The answer is, it can’t. Not really. Because there are only so many Godfather: Part IIs that are going to happen. There are other perfect movies out there (I consider this perfect, by the way). This one takes the cake. I have other favourites, but this is a genuine work of art that will last in the collective consciousness of film lovers worldwide, until there’s no such thing as consciousness any longer. Coppola redefined the classic film he’d put out a couple years earlier by making it even better through the sequel. I can’t think of many movies that are so well written and executed on all ends. So many beautiful shots, perfect scenes, the capable eye and blocking of Coppola… it’s hard to figure out what’s most enjoyable.
One thing’s for sure: this is the greatest sequel of all time, one of the greatest films period.
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Let’s talk of oranges again, shall we?
When Michael meets with Johnny Ola (the fantastic Dominic Chianese), the latter actually brings an orange. From Miami, Ola says. An ominous gift in the world of Coppola’s notorious crime family and their shady business. This should be our first inkling that something’s wrong with Ola, or that something is eventually going to go wrong involving him. Later, this is all confirmed when the plot plays out down in Havana. Ola also wears plenty orange, if that’s not enough to convince you of a foreboding death.
Another instance of the infamous orange omens comes in the younger days of Vito. When he drops the talk of making Fanucci an offer, one he can’t refuse, there’s a stand with oranges on it behind him. After Vito gives Fanucci money, the greasy extortionist grabs himself an orange before getting popped with a couple bullets; perhaps the strongest one of the entire series.
Apart from oranges there are so many iconic scenes and shots that it’s hard to talk about even half of them. Certain moments stand out, though. Near the end when Michael tells Fredo – “You broke my heart” – and gives him the kiss of death, I love how it’s all set against this New Year’s Eve party, such a happy, joyous celebration, and then in the midst is this really deadly confrontation between brothers. Subtle, quiet, yet deadly. Consequently the shot later when Fredo is taken out for a boat ride is a serene and beautiful moment, if not a dark one. Most of the amazing parts during The Godfather: Part II are not the action, the guns, they are the more subdued and gentle shots. That being said, one of my absolute favourites is the sequence where Vito takes care of Fanucci; everything from how it looks and sounds and feels, to the manner in which Vito carries out the deed, wrapping his gun, unscrewing the light bulb, and the gruesome shooting of Fanucci. There’s something for everyone, in the sense there’s drama, great looking cinematography, violence. All turned into a masterpiece by the hand of Coppola.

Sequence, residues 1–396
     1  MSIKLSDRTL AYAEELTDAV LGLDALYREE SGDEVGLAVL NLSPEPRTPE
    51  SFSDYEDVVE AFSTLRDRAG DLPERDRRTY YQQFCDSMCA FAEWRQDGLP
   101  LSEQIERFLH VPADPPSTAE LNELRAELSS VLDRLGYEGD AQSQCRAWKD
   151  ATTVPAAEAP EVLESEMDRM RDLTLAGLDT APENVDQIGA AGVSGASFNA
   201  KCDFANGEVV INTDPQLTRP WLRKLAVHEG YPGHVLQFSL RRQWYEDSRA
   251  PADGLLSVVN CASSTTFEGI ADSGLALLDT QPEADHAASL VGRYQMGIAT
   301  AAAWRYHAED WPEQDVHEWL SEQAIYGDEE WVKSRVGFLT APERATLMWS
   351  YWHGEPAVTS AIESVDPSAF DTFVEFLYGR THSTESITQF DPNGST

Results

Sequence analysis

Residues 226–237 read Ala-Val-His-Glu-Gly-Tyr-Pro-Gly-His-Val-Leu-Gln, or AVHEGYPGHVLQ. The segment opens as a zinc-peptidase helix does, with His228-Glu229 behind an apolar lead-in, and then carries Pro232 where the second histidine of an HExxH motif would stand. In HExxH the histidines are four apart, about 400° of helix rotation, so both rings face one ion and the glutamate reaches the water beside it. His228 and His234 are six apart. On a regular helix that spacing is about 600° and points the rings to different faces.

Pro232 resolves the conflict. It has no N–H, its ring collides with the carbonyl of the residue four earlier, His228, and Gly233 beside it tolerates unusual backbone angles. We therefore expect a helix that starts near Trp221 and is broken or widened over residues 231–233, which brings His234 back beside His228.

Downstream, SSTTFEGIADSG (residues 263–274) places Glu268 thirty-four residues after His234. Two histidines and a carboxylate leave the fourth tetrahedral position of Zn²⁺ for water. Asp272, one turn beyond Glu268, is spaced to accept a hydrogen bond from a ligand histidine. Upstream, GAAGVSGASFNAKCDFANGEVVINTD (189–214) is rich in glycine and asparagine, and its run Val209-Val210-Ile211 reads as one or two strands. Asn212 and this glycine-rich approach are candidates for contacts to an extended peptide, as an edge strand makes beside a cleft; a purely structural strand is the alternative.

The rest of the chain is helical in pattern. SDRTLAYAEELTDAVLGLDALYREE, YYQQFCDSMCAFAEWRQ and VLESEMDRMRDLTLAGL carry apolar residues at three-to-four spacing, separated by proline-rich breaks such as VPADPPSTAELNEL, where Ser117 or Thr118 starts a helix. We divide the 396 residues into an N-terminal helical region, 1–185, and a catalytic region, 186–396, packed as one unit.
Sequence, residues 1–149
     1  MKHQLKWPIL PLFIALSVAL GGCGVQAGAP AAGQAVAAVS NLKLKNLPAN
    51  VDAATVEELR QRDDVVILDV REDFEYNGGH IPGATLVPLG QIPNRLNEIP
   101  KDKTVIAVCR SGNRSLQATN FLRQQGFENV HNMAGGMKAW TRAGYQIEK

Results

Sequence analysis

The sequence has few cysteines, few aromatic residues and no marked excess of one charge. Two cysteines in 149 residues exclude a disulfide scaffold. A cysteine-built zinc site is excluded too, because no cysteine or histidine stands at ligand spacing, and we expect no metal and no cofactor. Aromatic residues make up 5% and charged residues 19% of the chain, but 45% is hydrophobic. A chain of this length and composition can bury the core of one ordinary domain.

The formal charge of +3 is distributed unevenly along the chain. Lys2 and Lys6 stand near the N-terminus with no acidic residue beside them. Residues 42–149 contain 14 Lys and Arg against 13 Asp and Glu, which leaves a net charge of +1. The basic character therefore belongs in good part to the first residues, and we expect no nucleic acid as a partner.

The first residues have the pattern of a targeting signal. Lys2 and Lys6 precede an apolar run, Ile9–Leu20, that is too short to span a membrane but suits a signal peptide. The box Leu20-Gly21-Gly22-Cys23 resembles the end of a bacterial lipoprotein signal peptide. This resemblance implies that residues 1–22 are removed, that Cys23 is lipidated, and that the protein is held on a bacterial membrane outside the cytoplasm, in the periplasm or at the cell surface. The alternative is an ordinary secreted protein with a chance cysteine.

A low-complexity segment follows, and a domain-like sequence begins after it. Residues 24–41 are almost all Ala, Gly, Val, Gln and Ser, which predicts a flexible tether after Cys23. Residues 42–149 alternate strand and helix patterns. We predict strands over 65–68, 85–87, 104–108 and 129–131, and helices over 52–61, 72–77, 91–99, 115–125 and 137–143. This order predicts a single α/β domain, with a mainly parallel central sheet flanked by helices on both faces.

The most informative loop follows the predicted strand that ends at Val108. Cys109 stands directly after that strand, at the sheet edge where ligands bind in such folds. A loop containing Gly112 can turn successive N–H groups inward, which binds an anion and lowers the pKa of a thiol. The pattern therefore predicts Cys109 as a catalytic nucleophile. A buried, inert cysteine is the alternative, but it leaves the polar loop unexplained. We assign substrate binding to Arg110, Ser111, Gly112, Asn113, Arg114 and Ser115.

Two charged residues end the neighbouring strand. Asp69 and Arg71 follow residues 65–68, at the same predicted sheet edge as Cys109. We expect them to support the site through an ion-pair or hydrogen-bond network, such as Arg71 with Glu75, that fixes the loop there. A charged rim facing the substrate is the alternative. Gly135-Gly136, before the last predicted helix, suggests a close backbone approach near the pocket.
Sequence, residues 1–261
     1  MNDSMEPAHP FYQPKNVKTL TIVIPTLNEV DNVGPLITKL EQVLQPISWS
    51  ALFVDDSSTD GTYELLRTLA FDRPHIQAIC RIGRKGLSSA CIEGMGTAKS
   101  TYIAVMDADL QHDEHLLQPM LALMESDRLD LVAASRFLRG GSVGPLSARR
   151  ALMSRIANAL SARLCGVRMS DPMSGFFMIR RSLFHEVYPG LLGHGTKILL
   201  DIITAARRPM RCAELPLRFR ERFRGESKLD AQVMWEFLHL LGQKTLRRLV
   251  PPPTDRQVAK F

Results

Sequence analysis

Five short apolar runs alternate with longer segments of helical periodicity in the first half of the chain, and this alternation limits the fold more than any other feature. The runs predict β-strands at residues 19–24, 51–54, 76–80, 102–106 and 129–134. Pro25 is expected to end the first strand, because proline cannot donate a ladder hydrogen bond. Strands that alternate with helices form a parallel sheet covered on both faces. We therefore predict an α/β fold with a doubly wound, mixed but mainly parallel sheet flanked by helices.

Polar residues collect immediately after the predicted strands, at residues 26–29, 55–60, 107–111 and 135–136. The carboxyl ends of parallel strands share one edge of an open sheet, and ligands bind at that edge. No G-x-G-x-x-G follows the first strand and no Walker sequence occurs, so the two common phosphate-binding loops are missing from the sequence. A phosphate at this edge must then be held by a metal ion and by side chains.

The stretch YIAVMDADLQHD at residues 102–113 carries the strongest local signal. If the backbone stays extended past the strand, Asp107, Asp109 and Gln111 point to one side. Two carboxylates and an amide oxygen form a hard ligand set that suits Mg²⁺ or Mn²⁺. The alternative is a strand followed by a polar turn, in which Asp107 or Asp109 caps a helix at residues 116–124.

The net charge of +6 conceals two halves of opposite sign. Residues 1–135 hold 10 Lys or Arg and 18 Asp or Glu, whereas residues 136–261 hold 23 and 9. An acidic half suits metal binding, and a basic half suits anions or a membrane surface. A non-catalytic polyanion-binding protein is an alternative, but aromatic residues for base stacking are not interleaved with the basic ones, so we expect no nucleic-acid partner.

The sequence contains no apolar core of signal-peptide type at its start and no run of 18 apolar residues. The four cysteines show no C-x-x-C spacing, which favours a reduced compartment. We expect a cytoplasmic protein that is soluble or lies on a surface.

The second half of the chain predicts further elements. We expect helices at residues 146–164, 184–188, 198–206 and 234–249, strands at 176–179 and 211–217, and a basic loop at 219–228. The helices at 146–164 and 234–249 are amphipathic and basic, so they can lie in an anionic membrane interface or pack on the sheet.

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Once again there’s an immersion in the Italian-American Mafia lifestyle. We have this ridiculously massive celebration for Michael’s little boy and his First Holy Communion. Yet it’s tradition. The Italians are proud of their heritage. Sure, it’s funded by mob money, but they’re celebrating religion, faith, all that. And I think the greatest part about those opening scenes with Michael, the big party, is how they’re all juxtaposed with meeting Senator Pat Geary (G.D. Spradlin) and his disrespect for the Corleone family, as well as Italian-Americans as a whole. Seeing such a beautiful, if not outrageous, celebration of culture and heritage followed by a dose of white American bigotry, it’s almost shocking at first. However, for all the mafioso stuff, the Corleones and many of their associates are atypical gangsters. Particularly compared to lots (/most) of the gangsters that came before these two movies. This is why getting a look at Vito in his early years, to the early days of his own family burgeoning in New York City right near the tail-end of WWI in 1917, is a super important aspect to the screenplay. This movie wouldn’t be near as powerful were it a simple sequel. Instead, Coppola mixes a prequel element into his story, which allows us to see the simple family man Vito was at the start. Before any of the gangster lifestyle and the illegal business.